EXTRACT: "A crisis such as this one demands that we exercise what the philosopher Immanuel Kant called the ‘public use of reason’ – as opposed to merely the ‘private use of reason’ where, briefly put, the expert, the specialist is tasked with resolving a defined problem. The private use of reason is sufficient when we are dealing with a problem that can be solved by simply applying the appropriate expertise...............The public use of reason asks: how we are defining the problem? Is our definition – our conceptualization of the problem – perhaps part of the problem itself? Is this pandemic solely a problem of public health, or is it also a problem of extreme economic inequality? ..............Since this crisis began, the greatest failure of the administration is not the denial, the lies, the lack of preparedness, but the inability to rally and unify the nation against this common threat, the lack of genuine leadership – Trump’s utter inability to bring the nation together."
Apr 5th 2020
EXTRACT: "Rarely has an architectural experiment aroused such extremes of ire and admiration. One side is convinced the house is a masterpiece. The other expresses brutal condemnation of the entire project (leaky roof, danger of flooding, too-hot, too-cold interiors depending on the American Midwest weather).........Farnsworth encapsulated her personal ambiguity in her comment to a Newsweek interviewer: “This handsome pavilion I own is almost totally unworkable.” She told one journalist, “ … all I got was this glib, false sophistication. The conception of a house as a glass cage suspended in air is ridiculous.”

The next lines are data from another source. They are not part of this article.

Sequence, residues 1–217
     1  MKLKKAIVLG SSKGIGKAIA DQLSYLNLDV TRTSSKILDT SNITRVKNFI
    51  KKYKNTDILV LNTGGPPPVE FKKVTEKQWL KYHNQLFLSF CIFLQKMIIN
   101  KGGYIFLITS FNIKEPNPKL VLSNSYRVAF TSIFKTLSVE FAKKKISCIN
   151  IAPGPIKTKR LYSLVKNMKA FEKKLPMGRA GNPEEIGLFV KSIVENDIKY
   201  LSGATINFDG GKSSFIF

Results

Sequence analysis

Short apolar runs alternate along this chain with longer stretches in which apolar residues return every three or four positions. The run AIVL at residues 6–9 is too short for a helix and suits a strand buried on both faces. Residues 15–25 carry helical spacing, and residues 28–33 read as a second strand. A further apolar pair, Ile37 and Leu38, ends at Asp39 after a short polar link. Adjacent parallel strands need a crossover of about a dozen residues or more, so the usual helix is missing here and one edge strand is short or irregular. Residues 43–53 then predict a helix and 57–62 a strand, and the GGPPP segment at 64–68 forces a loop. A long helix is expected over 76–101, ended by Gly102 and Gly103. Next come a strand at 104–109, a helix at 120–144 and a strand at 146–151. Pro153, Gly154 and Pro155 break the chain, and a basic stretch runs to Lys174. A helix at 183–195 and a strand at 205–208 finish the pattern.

Apr 1st 2020
Ambrogio Lorenzetti, Effects of Good Government fresco, Palazzo Pubblico, Siena.
Mar 29th 2020
EXTRACT: "The coronavirus crisis has forced us to look at our behaviour in a way that we’re not used to. We are being asked to act in the collective good rather than our individual preservation and interest. Even for those of us with the best of intentions, this is not so easy."